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Old 04-27-2006, 02:16 AM   #1
David Yap
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Being your own teacher

Hi all,

Quoting from a post in the "Deepening our training" thread:
Quote:
My advice is to actually train during your training. Whether you are focused on movement, maai, timing, etc. O sensei said that only 25% of aikido is learned from your sensei. The rest is from your own practice.
Seemingly from the mathematical POV, no one will ever surplus the level of O Sensei as illustrated by the following matrix:

% of learning from O Sensei teaching versus % learning from own practice
1st generation students 25% 75%
2nd generation students 6.25% 93.75%
3rd generation students 1.56% 98..44%
4th generation students 0.39% 99..61%

Here, 25% O Sensei's teaching is retained gen-to-gen, hence, the declining numbers. Though there is a possibility that some of us 3rd and 4th generation practitioners of aikido may have less than 2% the level of skill of O Sensei, it does not mean that we have less than 2% of his knowledge.

IMO, O Sensei could have implied that he could only teach and correct his students 25% of the time and 75% of time the students themselves need to polish the techniques and figure out/understand their underlying principles. Hence, O Sensei also said that different people would have varying conceptions of his art. This takes us to another matrix (hypothetically) of the first generation students:

% learned from O Sensei's teachings (1st column) and from self-learning (polishing) % Comprehension and % Misconceptions
Deshi #1 25% 91% 9%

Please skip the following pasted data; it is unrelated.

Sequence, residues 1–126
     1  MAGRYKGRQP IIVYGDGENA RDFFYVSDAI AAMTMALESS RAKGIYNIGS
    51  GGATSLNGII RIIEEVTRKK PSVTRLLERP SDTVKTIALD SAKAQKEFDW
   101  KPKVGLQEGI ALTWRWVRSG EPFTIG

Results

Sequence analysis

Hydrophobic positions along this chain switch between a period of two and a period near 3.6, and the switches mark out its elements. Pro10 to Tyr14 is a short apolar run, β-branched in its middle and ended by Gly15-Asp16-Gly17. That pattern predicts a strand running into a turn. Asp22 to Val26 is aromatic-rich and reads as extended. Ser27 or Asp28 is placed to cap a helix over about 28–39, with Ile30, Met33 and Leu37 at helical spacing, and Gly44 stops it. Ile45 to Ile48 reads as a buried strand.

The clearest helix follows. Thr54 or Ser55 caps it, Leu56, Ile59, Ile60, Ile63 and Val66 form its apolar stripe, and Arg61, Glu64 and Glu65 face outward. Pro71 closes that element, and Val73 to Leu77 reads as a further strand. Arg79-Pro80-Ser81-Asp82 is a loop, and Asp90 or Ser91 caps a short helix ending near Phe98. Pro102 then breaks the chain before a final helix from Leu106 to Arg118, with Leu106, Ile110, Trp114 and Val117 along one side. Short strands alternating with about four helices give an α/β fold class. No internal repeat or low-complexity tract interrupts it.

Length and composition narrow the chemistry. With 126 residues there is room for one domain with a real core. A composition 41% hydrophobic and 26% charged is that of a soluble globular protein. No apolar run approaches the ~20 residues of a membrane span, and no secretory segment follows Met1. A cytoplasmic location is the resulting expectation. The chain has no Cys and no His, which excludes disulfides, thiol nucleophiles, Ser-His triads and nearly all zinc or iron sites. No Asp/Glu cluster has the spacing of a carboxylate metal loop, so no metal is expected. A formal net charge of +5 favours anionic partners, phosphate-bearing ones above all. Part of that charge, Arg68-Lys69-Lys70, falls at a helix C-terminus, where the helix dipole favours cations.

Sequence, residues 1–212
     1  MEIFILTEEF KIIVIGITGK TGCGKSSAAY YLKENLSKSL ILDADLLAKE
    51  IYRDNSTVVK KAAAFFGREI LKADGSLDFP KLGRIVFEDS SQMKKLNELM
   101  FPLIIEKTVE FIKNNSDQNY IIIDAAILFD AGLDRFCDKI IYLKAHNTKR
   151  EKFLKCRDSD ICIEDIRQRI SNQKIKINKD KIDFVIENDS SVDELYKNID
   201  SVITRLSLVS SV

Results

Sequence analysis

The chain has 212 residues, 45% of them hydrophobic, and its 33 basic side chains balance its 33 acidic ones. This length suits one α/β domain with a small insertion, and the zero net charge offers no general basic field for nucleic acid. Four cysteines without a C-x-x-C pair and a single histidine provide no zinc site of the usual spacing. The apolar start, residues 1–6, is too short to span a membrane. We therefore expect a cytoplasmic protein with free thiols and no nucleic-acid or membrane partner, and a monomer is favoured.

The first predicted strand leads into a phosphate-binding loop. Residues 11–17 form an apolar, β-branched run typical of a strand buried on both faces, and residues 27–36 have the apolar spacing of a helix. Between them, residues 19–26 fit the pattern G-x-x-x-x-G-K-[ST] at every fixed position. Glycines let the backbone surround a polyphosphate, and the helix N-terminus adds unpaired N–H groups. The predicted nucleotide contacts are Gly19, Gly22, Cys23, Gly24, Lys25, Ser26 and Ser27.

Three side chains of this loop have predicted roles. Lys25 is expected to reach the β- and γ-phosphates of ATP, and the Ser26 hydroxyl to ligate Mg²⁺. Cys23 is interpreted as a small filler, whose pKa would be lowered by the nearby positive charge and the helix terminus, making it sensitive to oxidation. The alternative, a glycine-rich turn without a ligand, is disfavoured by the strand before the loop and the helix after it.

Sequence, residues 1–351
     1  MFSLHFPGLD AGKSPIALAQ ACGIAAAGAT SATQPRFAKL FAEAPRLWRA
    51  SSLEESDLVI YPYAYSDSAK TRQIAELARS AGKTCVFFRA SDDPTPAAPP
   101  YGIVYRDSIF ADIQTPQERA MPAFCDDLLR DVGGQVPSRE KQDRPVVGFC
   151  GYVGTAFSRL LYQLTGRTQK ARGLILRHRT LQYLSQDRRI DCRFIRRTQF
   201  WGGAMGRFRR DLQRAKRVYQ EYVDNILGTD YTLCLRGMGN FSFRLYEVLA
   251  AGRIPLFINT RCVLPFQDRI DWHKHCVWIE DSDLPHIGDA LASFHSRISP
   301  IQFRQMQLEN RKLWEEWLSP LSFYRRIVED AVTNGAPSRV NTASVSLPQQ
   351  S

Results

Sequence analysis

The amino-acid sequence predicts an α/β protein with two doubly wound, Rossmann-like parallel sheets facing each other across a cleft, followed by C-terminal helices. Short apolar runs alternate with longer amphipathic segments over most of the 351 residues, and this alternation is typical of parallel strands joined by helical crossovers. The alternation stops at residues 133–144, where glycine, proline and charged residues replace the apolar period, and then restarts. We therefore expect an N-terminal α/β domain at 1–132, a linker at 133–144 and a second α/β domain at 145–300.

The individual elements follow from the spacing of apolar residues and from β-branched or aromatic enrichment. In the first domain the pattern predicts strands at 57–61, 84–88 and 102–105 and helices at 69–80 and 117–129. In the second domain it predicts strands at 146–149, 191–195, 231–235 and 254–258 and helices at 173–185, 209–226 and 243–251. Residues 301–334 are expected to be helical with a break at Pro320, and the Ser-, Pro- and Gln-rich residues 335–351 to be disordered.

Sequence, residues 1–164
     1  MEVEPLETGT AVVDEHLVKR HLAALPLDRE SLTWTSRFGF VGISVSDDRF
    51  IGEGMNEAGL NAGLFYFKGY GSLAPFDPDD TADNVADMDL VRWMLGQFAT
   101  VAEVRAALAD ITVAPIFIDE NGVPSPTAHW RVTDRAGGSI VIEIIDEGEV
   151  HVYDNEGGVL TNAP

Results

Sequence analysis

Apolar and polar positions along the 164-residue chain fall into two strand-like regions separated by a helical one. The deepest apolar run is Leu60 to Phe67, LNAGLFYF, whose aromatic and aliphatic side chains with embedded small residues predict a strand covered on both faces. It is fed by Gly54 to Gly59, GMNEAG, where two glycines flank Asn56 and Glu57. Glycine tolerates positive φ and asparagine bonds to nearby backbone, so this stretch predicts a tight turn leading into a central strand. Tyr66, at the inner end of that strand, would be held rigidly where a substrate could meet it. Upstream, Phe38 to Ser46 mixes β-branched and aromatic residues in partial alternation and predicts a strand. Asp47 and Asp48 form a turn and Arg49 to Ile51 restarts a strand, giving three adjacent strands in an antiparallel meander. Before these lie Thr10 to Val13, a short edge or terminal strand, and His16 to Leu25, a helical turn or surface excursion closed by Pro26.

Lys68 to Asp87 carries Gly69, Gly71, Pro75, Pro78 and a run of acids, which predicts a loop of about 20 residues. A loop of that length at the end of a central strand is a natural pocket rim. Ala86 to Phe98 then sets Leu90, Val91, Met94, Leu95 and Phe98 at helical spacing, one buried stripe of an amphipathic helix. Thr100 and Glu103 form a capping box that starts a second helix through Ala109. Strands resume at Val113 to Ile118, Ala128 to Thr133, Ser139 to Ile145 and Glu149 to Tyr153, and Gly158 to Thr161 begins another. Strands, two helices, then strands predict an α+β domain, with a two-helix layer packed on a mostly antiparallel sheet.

Deshi #2 25% 85% 15%
Deshi #3 25% 70% 30%
Deshi #4 25% 60% 40%

Looking at the level of the 1st generation group of shihan, I think that all of them would have more than 90% correct understanding of O Sensei's teachings by now. Can/could anyone of them surpass him? Can and could, if they are/were more "enlightened" than O Sensei. But, we should also bear in mind that O Sensei did more than 60 years polishing his martial skill and yet on his dying bed, he still said that he was just beginning to understand.

So, where are we as the next generations of students? Well, we have to put ourselves into the above matrix and we would at least acquire 25% of our primary instructor's instructions and teachings (and this includes his/her comprehension and misconceptions of the art). We need to spend 75% of our training time to polish our skill, figuring out the truth from the myths [sort, filter, keep and discard]. Besides starting with a good teacher (but not necessarily a good performer) which is the 25% part, what level we are at the moment will depend very much on our commitment and dedication to learning the art -- this 75% must be quality time shared with equally committed comrades.

What bring me to this topic?